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Bronwyn Lee & Learning Creates: Learning Beyond Limits - Future-ready approaches show what’s possible amidst increasing strain on school system

Young people are more than their ATAR; let’s make sure our education system reflects that. Out of the 300,000 young people each year who could have completed year twelve, the system is set up to focus only on the roughly 100,000 who aim for a direct university pathway.

 

Congratulations are certainly in order for the young people who achieve outstanding results. They have achieved so much and should feel proud. However, we know that young people are so much more than their ATAR rank and that this alone can only get them so far. Into their first year of university, to be exact.

 

Automation, globalisation and more flexible work have transformed work and the needs and demands of employers. Young people deserve to be acknowledged and celebrated for skills and capabilities that align with this. We all aspire for young people to have an engaging and enriching school experience, to know and build their strengths, and to develop their capabilities. We want them to feel like they belong, have the knowledge and confidence to embark on any future they choose, contribute as citizens and achieve their hopes and dreams through various pathways.

 

This is not about giving all young people leaving school a prize; it’s about ensuring that we aren’t focussing on a narrow view of success, but rather one that will set young people up for the future.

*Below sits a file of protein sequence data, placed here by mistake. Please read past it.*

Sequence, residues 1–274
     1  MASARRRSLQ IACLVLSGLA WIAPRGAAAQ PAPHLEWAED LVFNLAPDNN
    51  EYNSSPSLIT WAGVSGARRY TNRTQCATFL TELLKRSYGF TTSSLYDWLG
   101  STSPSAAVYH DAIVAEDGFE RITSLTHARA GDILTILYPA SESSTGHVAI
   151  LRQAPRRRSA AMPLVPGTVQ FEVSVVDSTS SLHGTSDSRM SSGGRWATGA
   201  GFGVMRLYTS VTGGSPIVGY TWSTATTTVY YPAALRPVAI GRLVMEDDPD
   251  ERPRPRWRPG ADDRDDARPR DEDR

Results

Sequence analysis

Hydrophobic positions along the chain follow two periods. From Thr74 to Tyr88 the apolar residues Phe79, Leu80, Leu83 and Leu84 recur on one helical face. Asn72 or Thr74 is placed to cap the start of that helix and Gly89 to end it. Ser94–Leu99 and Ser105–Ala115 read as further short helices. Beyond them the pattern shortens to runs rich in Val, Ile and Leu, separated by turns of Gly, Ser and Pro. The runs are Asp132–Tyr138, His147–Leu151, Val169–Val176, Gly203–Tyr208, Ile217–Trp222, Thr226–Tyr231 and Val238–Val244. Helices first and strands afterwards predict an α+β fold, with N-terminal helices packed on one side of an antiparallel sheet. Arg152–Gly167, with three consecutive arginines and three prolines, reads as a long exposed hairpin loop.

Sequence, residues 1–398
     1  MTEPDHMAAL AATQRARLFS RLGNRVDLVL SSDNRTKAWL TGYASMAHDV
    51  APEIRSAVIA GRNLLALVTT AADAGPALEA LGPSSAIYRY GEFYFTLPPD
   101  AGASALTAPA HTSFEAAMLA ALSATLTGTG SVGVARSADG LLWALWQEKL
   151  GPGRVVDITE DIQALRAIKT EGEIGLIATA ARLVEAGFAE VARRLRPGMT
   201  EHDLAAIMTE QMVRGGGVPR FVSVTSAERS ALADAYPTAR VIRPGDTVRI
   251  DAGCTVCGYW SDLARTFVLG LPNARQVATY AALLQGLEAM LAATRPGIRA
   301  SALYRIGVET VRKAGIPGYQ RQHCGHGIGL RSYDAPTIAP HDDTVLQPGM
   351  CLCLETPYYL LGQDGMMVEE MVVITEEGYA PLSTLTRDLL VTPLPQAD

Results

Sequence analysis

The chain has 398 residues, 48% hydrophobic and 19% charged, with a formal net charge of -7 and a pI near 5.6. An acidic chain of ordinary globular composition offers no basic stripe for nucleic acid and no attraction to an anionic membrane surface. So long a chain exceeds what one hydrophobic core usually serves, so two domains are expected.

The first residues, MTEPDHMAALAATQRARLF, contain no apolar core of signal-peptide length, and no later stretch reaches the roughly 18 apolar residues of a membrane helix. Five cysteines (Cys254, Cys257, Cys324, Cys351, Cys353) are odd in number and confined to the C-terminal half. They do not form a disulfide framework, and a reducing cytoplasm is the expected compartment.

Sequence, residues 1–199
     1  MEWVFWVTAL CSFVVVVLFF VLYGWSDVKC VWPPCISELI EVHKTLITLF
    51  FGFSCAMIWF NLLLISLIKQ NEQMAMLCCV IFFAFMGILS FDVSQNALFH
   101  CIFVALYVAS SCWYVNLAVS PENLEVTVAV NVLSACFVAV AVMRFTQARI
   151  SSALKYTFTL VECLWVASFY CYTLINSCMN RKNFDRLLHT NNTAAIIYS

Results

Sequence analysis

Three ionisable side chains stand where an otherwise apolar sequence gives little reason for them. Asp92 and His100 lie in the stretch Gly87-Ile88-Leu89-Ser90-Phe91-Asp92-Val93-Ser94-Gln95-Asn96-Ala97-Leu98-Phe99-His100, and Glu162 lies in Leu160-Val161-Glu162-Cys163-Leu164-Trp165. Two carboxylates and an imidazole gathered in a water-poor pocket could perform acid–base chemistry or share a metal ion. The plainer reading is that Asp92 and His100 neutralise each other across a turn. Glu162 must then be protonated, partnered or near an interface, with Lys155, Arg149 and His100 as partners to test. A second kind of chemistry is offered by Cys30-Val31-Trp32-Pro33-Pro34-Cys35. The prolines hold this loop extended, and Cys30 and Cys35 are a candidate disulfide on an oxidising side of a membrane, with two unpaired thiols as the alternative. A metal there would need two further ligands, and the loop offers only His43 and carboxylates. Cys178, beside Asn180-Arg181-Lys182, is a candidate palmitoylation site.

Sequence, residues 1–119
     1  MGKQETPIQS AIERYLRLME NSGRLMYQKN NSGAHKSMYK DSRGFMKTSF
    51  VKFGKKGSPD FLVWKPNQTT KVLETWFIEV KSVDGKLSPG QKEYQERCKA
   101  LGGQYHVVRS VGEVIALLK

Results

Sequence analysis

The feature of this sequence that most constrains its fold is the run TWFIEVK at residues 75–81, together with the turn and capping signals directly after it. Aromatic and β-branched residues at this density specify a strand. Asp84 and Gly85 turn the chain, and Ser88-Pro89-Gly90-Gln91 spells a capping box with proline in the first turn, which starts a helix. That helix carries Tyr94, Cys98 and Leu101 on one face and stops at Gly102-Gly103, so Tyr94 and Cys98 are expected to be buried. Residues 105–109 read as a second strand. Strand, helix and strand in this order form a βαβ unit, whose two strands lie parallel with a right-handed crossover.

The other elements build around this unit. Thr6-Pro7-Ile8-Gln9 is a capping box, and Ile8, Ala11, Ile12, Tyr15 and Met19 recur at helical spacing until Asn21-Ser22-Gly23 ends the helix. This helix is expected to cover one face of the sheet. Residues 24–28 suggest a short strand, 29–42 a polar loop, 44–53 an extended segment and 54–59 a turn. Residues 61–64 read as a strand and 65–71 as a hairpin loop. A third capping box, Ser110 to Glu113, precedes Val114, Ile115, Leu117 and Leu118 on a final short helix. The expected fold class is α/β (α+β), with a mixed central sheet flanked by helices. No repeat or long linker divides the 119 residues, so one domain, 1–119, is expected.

We know that in the 21st Century, we can recognise achievement in far more sophisticated ways than exams or test scores alone to reflect the breadth and depth of what young people know and can do. The good news is that schools across the country are working to recognise skills and capabilities beyond ATAR metrics; promisingly, this approach is already showing good outcomes.

 

In December 2023, Learning Creates Australia released a new report Learning Beyond Limits: Insights and learnings from visionary schools and communities working toward a fit for purpose learning system. In collaboration with diverse partners from across Australia, it highlights educators who are challenging the status quo to deliver better results for more students in the long term.

 

This very early research shows that recognising more is delivering positive results for students and teachers alike. It shows that students become more engaged in learning when future-oriented skills like critical thinking, problem-solving, ethical behaviour, resilience, and communication are acknowledged alongside foundational skills and knowledge.

 

This approach also benefits teachers. They have shared that working in different ways and finding the freedom to focus on supporting each student is a rewarding experience, rather than feeling pressured to cover a vast amount of content that students may not absorb.

 

This is just the start. The research highlights the great work happening at hundreds of sites nationwide, but there are many more. Learning Creates want to hear from them about what they are learning and the challenges they are facing along the way. In this pivotal era in education, the time is right to have a meaningful conversation about the purpose of learning.

Bronwyn Lee, formerly Deputy CEO of the Foundatiom for Young Australians, is CEO of Learning Creates Australia, an independent non-profit, catalysing equitable transformation in education. www.learningcreates.org.au

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